Welthandelsplatz 1, 1020 Vienna, Austria

Web page: http://www.ersa.org

References listed on IDEAS
Please report citation or reference errors to , or , if you are the registered author of the cited work, log in to your RePEc Author Service profile, click on "citations" and make appropriate adjustments.:

as
in new window


  1. Bondonio, Daniele, 2009. "Impact identification strategies for evaluating business incentive programs," POLIS Working Papers 129, Institute of Public Policy and Public Choice - POLIS.
  2. Marco Caliendo & Sabine Kopeinig, 2008. "Some Practical Guidance For The Implementation Of Propensity Score Matching," Journal of Economic Surveys, Wiley Blackwell, vol. 22(1), pages 31-72, February.
  3. Battistin, Erich & Rettore, Enrico, 2008. "Ineligibles and eligible non-participants as a double comparison group in regression-discontinuity designs," Journal of Econometrics, Elsevier, vol. 142(2), pages 715-730, February.
  4. Cannari Luigi & D'Aurizio Leandro & de Blasio Guido, 2007. "The Effectiveness of Investment Subsidies: Evidence from Survey Data," Rivista italiana degli economisti, Società editrice il Mulino, issue 3, pages 329-346.
  5. Guido Pellegrini & Augusto Cerqua, 2011. "Are the subsidies to private capital useful? A Multiple Regression Discontinuity Design Approach1," ERSA conference papers ersa11p1323, European Regional Science Association.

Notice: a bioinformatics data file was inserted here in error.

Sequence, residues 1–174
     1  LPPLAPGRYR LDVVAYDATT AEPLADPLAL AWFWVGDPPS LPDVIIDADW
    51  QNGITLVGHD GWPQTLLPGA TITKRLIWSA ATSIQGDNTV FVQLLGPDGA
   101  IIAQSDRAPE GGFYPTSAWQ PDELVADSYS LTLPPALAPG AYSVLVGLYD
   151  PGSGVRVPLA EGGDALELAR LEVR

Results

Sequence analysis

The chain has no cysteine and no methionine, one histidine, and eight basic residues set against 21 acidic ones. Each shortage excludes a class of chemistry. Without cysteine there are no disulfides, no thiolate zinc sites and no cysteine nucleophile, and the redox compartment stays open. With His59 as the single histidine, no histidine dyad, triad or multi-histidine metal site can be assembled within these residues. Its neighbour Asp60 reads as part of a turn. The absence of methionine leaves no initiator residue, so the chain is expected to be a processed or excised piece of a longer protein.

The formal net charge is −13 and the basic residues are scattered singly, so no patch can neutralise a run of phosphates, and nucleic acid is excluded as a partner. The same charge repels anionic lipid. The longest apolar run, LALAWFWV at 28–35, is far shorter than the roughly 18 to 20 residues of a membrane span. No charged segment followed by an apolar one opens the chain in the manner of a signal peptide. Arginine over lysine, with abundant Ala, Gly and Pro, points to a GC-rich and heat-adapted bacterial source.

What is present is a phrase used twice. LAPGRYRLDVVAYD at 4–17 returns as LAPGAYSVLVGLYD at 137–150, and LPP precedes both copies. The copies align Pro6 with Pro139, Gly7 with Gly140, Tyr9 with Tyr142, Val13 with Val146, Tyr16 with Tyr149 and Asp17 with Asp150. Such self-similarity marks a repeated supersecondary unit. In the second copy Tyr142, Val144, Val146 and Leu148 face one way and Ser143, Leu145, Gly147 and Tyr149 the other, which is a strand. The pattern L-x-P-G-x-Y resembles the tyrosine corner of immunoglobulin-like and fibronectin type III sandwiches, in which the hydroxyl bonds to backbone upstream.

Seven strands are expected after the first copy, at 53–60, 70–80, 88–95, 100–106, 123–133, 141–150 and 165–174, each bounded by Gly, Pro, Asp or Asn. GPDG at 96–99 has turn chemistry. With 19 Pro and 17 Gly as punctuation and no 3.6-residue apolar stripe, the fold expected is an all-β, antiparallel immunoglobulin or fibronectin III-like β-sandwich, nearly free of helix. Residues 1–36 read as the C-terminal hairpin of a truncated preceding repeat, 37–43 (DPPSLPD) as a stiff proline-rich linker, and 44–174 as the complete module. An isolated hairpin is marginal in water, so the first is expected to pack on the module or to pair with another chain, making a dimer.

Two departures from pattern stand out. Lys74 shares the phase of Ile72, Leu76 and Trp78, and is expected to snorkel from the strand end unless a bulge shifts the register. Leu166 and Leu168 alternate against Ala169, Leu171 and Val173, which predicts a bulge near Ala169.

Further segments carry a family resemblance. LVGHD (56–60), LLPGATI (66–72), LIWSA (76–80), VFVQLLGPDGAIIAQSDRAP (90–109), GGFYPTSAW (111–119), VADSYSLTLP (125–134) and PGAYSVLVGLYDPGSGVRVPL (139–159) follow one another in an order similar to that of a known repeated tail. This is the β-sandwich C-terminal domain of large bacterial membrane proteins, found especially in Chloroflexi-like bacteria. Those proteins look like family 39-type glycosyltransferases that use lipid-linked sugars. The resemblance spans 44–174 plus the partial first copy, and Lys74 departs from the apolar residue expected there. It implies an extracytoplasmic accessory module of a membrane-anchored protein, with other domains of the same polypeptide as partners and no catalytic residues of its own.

6. James J. Heckman & Hidehiko Ichimura & Petra Todd, 1998. "Matching As An Econometric Evaluation Estimator," Review of Economic Studies, Oxford University Press, vol. 65(2), pages 261-294.
  7. Bronzini, Raffaello & de Blasio, Guido, 2006. "Evaluating the impact of investment incentives: The case of Italy's Law 488/1992," Journal of Urban Economics, Elsevier, vol. 60(2), pages 327-349, September.
  8. Sascha O. Becker & Andrea Ichino, 2002. "Estimation of average treatment effects based on propensity scores," Stata Journal, StataCorp LP, vol. 2(4), pages 358-377, November.
Full references (including those not matched with items on IDEAS)

This item is not listed on Wikipedia, on a reading list or among the top items on IDEAS.

When requesting a correction, please mention this item's handle: RePEc:wiw:wiwrsa:ersa15p1619. See general information about how to correct material in RePEc.

For technical questions regarding this item, or to correct its authors, title, abstract, bibliographic or download information, contact: (Gunther Maier)

If you have authored this item and are not yet registered with RePEc, we encourage you to do it here. This allows to link your profile to this item. It also allows you to accept potential citations to this item that we are uncertain about.

If references are entirely missing, you can add them using this form.

If the full references list an item that is present in RePEc, but the system did not link to it, you can help with this form.

If you know of missing items citing this one, you can help us creating those links by adding the relevant references in the same way as above, for each refering item. If you are a registered author of this item, you may also want to check the "citations" tab in your profile, as there may be some citations waiting for confirmation.

Please note that corrections may take a couple of weeks to filter through the various RePEc services.

This information is provided to you by IDEAS at the Research Division of the Federal Reserve Bank of St. Louis using RePEc data.